BFAR expands Vizcaya oyster farming

BAYOMBONG, Nueva Vizcaya—The Bureau of Fisheries and Aquatic Resources’ oyster production expansion project has helped villagers in coastal towns of Buguey, Gonzaga and Sta. Teresita boost their daily income.

Funded by the National Shellfish Development Program and from the regular agency funds, BFAR’s three-year massive establishment of 325 oyster culture raft demonstration and livelihood units has expanded and directly benefited residents of two more Cagayan towns recently and is seen to widen its coverage in the coming years. 

Oyster Project leader Nathaly Piñera said oyster production is no longer dominated by Buguey town alone but has expanded in the neighboring towns of Sta. Teresita and Gonzaga. 

“The area from the mouth of the Buguey Lagoon in Minanga, Buguey eastward to Sta. Teresita and Caroan in Gonzaga meets the criteria for the establishment of oyster culture units, hence we decided to locate bulk of oyster demo allocation in said areas,” Piñera said.

Leo Supnet of Barangay Villa Leonora in Buguey town said that there is an increase on oyster production since the project started three years ago.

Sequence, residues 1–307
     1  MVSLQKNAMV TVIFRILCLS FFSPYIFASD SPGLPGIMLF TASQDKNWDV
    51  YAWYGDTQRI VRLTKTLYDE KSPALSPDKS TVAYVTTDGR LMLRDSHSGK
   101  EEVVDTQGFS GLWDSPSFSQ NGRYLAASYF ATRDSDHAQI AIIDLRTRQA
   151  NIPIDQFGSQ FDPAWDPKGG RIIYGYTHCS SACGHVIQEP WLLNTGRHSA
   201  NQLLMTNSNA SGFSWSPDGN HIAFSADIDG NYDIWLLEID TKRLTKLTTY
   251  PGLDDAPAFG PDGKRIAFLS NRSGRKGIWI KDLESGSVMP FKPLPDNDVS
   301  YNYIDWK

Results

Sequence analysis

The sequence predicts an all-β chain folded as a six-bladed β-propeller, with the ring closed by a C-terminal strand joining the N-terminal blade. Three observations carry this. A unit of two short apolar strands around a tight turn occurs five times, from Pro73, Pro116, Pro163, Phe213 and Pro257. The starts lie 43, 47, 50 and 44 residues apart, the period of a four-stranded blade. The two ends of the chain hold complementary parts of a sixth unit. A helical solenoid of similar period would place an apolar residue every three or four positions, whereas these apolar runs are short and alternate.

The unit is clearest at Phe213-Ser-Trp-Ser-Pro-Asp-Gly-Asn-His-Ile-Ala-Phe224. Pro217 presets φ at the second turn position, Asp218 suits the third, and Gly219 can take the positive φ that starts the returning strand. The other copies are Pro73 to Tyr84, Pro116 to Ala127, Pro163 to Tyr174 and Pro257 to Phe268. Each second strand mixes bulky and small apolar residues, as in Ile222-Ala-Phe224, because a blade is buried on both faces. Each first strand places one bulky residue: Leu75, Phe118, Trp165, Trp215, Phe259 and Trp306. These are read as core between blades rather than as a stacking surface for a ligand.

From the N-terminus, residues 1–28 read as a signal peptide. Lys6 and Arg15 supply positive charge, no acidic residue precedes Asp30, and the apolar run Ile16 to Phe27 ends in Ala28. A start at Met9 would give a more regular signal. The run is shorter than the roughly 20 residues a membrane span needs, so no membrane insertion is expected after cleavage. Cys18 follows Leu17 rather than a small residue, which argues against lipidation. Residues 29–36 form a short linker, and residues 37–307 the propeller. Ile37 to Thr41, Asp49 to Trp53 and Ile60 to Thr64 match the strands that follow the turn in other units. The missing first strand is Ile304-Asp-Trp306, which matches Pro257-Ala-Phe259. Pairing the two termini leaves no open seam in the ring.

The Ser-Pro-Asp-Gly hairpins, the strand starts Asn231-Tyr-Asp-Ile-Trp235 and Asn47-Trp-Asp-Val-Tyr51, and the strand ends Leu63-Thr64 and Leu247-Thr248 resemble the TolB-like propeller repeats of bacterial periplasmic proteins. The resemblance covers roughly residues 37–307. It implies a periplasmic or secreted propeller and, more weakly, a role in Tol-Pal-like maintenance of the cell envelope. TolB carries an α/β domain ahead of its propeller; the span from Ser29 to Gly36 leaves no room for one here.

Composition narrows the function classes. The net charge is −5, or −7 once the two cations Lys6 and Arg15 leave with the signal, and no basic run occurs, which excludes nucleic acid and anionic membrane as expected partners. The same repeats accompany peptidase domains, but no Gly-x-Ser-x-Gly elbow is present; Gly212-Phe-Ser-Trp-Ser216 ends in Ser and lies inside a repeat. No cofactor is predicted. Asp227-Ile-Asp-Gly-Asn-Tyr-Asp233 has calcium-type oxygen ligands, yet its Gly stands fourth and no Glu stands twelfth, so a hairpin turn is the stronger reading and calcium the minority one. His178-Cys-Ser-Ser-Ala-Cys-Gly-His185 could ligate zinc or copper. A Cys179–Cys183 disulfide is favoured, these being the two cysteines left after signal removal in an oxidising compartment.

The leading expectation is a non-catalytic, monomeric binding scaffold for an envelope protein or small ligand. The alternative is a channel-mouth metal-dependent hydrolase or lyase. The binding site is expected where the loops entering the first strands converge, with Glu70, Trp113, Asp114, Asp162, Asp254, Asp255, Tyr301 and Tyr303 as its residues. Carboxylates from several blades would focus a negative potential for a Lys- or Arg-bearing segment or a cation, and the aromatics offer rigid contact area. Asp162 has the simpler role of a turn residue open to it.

“Since February this year, I was able to serve three bulk orders at 400 bottles oyster per order. Each gin bottle sells for P50,” he said. 

Production sites in the two expansion areas in Gonzaga and Buguey towns have the presence of indigenous spawners, brackish water with salinity of 17 ppt to 25 ppt, and temperature of 27-  32 oC, free from flood run-off and heavy siltation and with water depth 1.5 to 2.5 meters and natural barriers which made them an ideal project expansion area.  

Piñera said oyster can be harvested six to eight months from the date of establishment and harvesting can be continuous if the breeders are not harvested. 

BFAR here has also conducted Oyster Field Day to further promote the adoption of the technology as well as showcase different menus that can be prepared from oyster and initiated the introduction of oyster culture in the western part of Cagayan and the coastal areas of Isabela. 

“Oyster is a low-cost but highly lucrative project that our fisherfolk can engage into. It is low cost as it requires no artificial feeds, at all,” Piñera said. 

Topics: Bureau of Fisheries and Aquatic Resources , Oyster production expansion project
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